From what I've found, this file must be either in META-INF/jboss-aop.xml of your .jar, or anywhere on the filesystem, but you'll have to point to it by the -Djboss.aop.path JVM argument – see 10.2.1. Precom­piled instrumentation and 5.2. Resolving XML.

To let maven put this file to your .jar, store it in src/main/resources (the default path for resources), giving the resulting path src/main/resources/META-INF/jboss-aop.xml.

So let's bind this interceptor to some method calls. In this case, we're binding it to all methods of the Car class whose name has the pattern set*Fuel.

<?xml version="1.0" encoding="UTF-8"?>
   <bind pointcut="execution(* cz.zizka.ondra.*->set*Fuel(..))">
       <interceptor class="cz.zizka.ondra.jbmctest.FuelInterceptor"/>

Alternatively, it should be possible to put the AOP settings to the JBoss Microcontainer XML (but I wasn't able to get it working):

<deployment xmlns:xsi="http://www.w3.org/2001/XMLSchema-instance"
            xsi:schemaLocation="urn:jboss:bean-deployer:2.0 bean-deployer_2_0.xsd"

  <bean ... /> <!-- Car and garage beans -->

  <aop:interceptor name="FuelInterceptor" class="cz.zizka.ondra.jbmctest.FuelInterceptor"/>

  <aop:bind pointcut="execution(* cz.zizka.ondra.jbmctest.Car->set*Fuel(..)">
    <aop:interceptor-ref name="FuelInterceptor"/>


Maven configuration

After setting Maven to use JBoss repositories (see the JBoss Microcontainer how-to), add these dependencies to your project:


Also, add the JBoss AOP Maven plugin. It binds automatically to the compile phase. This will change the classes code to call your interceptors when a method is being called.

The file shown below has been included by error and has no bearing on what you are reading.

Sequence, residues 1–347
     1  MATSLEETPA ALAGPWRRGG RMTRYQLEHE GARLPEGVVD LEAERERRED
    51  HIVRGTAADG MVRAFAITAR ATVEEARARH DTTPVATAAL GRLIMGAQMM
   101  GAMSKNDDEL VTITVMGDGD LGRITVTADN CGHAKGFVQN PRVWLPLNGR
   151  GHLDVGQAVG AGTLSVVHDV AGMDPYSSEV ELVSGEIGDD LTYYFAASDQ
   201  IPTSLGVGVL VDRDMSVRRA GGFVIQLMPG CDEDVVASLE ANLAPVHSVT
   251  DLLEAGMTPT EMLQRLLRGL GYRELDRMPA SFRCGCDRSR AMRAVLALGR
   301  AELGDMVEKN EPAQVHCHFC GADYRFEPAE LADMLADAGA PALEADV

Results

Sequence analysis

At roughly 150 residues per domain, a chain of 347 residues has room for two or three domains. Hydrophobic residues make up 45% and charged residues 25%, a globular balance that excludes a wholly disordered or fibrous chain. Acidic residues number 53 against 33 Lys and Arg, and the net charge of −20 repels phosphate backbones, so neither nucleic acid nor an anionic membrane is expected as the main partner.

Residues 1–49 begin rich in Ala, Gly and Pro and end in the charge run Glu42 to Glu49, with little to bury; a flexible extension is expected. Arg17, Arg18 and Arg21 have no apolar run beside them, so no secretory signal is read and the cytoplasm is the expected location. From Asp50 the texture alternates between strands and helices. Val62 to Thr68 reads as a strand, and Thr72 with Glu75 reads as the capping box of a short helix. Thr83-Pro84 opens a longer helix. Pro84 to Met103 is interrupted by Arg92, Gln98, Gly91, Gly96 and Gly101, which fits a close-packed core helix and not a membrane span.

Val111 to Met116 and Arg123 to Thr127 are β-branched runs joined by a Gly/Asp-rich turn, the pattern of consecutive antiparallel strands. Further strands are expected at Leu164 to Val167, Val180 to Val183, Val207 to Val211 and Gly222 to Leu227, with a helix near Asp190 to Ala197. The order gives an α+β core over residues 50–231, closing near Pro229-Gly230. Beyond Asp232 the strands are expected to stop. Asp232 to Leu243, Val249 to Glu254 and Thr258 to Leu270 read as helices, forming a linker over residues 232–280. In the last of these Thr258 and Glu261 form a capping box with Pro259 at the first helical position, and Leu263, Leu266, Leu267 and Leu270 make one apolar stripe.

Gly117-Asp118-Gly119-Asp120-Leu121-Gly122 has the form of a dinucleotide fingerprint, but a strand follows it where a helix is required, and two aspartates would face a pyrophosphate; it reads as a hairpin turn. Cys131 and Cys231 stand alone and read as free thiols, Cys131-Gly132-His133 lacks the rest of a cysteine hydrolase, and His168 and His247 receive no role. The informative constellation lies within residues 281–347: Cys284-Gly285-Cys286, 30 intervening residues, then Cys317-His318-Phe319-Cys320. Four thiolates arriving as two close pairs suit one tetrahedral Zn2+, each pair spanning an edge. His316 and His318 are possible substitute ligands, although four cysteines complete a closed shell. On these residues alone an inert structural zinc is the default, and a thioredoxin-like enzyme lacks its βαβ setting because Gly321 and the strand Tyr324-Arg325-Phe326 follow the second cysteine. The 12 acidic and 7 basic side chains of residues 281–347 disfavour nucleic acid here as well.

<id>compile</id>  <goals> <goal>compile</goal> </goals>

Test code

public class JBossAopSampleApp {

  public static void main( String[] args ) throws Throwable
    Car myCar = new Car("Red Devil");
    System.out.println( "I have a garage: "+car);

    // Put some fuel in.
    myCar.setLitresOfFuel( myCar.getLitresOfFuel() + 1 );
    myCar.setReserveFuel( myCar.getReserveFuel() + 1 );

    System.out.println( "I have a garage: "+car);


The result

Now run the application, and you'll see that the interceptor is really being invoked.

I have a garage: Garage with a car: Car "Red Devil" with 0 litres of fuel.
16.11.2009 11:42:47 FuelInterceptor invoke INFO: The fuel is being changed for the car 'Red Devil'.
16.11.2009 11:42:47 FuelInterceptor invoke INFO: The fuel is being changed for the car 'Red Devil'.
I have a garage: Garage with a car: Car "Red Devil" with 2 litres of fuel.

Sample application

The application created in the examples above can be downloaded here: JBossAOPsample­.zip